This phenomenon is painful to witness and yet it will not go away through wishful thinking and nice smiles. In order to change the course that we are on, we will have to radically shift our way of thinking about people of color in our community and strive for greater levels of equity and inclusion, even for those who have been in the criminal-justice system.
What it will take to change
Young men like Navell Gordon who are working to turn their lives around after being incarcerated should be viewed as assets, rather than as menaces to society. We know that high rates of poverty in various pockets of the Twin Cities and an overconcentration of police in those neighborhoods, contribute to the widening gaps of inequality and criminal justice impacts that occur.
Although many Minnesotans are well-meaning, the reality is that very few, even those in the upper echelon of various professions, will open their doors to young men like Navell to provide a pathway to opportunity and upward mobility. How many young men like Navell have been hired as apprentices and employees within our local media stations? How many young men like Navell are provided opportunities to work at Fortune 500 companies or within law enforcement or local government? In many ways, we have marginalized young black men to the bottom rungs of our society, with limited access to opportunity or an expansion of their personal networks.
The other disturbing revelation about #pointergate is that we have become a society more focused on punishment, rather than forgiveness and restoration. No matter how hard we try, we can’t punish our way to “public safety.” Instead, we must ask ourselves: What is the moral cost to our nation — indeed, to our souls — when we callously throw away a generation of young men of color? Where is our capacity to forgive? To welcome people who have committed crimes and done their time back into society so that they — and we — might thrive?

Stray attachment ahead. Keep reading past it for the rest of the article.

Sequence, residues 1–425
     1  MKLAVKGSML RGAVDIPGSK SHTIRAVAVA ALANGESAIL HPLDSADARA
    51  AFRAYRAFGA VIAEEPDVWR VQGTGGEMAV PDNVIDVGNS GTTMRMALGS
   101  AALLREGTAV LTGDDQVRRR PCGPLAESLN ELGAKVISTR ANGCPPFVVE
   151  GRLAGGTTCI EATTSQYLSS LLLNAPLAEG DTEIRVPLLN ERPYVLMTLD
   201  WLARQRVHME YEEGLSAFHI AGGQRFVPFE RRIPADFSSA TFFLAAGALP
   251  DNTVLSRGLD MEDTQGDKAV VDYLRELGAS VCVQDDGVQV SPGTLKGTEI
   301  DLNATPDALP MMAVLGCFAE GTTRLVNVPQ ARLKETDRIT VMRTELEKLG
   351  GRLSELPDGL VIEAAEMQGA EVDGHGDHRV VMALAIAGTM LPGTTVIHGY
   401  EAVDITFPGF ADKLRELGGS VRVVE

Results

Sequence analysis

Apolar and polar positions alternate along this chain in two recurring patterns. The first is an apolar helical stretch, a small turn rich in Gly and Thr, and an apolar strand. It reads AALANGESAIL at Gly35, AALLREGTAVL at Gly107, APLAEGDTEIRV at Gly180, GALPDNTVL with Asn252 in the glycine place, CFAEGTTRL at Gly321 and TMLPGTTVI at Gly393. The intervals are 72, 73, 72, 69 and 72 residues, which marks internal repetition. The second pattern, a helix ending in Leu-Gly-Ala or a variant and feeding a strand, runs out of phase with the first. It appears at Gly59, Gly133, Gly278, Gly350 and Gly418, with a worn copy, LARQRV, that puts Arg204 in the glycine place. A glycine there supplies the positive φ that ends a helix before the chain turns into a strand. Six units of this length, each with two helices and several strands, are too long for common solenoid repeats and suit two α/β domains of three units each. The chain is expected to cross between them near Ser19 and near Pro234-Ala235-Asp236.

From punishment to restoration
The central issue of #pointergate is this: We must care for one another — even those who have committed offenses — and we need to move from a punishment society to a restorative, more just community. We are stronger when we forgive and give second chances to those who are looking to reintegrate back into society.
In short, it is easy to single out the blatant, discriminatory conduct of KSTP (and yes, it needs to be called out and swiftly addressed). But it is much more difficult to hold up a mirror to the ways in which our own personal biases, structural and institutional racism across many of our systems, public policy and budgetary decisions, and apathy in holding law enforcement accountable all helped to lay the groundwork for #pointergate and the national embarrassment that it has brought to our state.
We can’t point the figure solely at KSTP without also pointing the finger at ourselves and the role that we play as individuals, and that our institutions play, in perpetuating the day to day injustices that set the stage for #pointergate and all its troubling implications about race relations and inequality in our state.
Nekima Levy-Pounds is a professor of law at the University of St. Thomas and the founder and director of the Community Justice Project, an award-winning civil rights legal clinic. Michael Adam Latz is the senior rabbi at the Shir Tikvah Congregation in Minneapolis.